Texas Department of Public Safety Director Steve McCraw listens to a question from a reporter during a press conference outside Robb Elementary School in Uvalde, Texas, on May 27. Elias Valverde II/The Dallas Morning News/TNS

AUSTIN, Texas — Calling the police response to the Uvalde school shooting an “abject failure,” Texas Department of Public Safety Director Steven McCraw gave a detailed report to the Texas Senate Tuesday, corroborating reports indicating that numerous police were inside the school within minutes of the first 911 calls.

Law enforcement authorities had enough officers on the scene of the massacre to have stopped the gunman three minutes after he entered the building, McCraw testified about the attack that left 19 children and two teachers dead.

McCraw’s testimony added withering evidence to the failed response of local police to the shooting that police experts and lawmakers have characterized as antithetical to how police should respond to an active shooter situation.

Attention continued to be focused on Uvalde Independent School District Chief Pete Arredondo, who kept police at bay for more than 70 minutes while the 18-year-old shooter remained barricaded in a classroom with children, many of whom were injured.

A detailed timeline showed the rapid arrival of police on the scene, including that many officers arrived armed with semi-automatic rifles and that some came equipped with bulletproof shields. Transcripts showed Arredondo continued to request more armed officers and mischaracterized the kind of weapons at hand as he held officers back.

And while officers were in the school, the shooter continued to fire rounds inside the classroom at least three times.

“One hour, 14 minutes and 8 seconds. You know, it’s not just a lifetime. It’s many lifetimes. It’s just we can’t have that,” McCraw said.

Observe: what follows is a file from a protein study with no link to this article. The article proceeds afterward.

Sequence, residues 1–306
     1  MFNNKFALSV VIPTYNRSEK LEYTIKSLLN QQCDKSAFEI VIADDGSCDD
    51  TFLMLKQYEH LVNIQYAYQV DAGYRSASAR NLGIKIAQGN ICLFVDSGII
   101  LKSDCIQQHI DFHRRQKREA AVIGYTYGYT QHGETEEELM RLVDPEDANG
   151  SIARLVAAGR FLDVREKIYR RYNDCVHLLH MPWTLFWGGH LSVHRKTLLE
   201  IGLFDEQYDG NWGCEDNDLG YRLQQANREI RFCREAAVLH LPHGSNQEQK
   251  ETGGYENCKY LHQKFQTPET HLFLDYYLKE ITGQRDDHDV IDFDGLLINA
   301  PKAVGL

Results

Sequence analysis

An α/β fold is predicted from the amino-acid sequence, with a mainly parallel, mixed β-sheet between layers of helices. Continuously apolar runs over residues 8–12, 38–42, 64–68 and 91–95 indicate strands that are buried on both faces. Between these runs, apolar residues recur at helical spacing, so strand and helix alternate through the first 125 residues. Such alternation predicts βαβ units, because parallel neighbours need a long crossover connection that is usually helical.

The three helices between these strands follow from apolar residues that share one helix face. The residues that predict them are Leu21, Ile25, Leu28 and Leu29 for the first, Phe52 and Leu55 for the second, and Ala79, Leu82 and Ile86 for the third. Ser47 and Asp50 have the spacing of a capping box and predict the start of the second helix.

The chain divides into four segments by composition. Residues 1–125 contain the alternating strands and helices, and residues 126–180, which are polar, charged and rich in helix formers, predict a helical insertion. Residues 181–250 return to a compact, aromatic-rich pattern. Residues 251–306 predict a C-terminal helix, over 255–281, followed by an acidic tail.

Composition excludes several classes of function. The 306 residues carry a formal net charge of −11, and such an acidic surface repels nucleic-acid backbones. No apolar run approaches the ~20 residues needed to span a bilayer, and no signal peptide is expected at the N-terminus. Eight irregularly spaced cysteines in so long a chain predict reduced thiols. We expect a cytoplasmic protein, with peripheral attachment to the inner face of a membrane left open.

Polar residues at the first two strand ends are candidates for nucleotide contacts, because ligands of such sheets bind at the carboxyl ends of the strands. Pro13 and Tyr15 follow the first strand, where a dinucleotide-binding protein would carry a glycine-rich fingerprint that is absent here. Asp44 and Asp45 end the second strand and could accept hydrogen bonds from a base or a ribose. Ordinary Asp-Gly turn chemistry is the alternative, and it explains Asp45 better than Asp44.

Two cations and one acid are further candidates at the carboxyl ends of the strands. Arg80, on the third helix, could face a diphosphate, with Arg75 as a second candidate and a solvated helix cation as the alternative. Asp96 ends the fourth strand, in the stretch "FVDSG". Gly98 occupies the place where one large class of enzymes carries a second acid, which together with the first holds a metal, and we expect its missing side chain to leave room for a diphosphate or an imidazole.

McCraw said the doors to the pair of classrooms where the students and teachers were killed were unlocked but never checked by police as Arredondo continued to frantically search for a skeleton key to a door that could have been opened at any time, had anyone tried it.

“The fact that the facts and mistakes were made,” McCraw said. “It should have never happened that way. ... It set our profession back a decade is what it did.”

Lt. Gov. Dan Patrick convened the Senate Special Committee to Protect All Texans in response to Gov. Greg Abbott’s call for the Legislature to investigate the shooting. Tuesday’s meeting was the first day of a two-day hearing, and its chair, Sen. Robert Nichols, said testimony could extend to midnight.

The hearing opened with McCraw, who continued to answer questions from lawmakers as of 11:15 a.m. Nichols said Tuesday’s hearings would cover three subject areas: police training, school safety and social media.

“We do know this through compelling evidence that the law enforcement response to the attack at Robb Elementary was an abject failure and antithetical to everything we’ve learned over the last two decades,” McCraw said.

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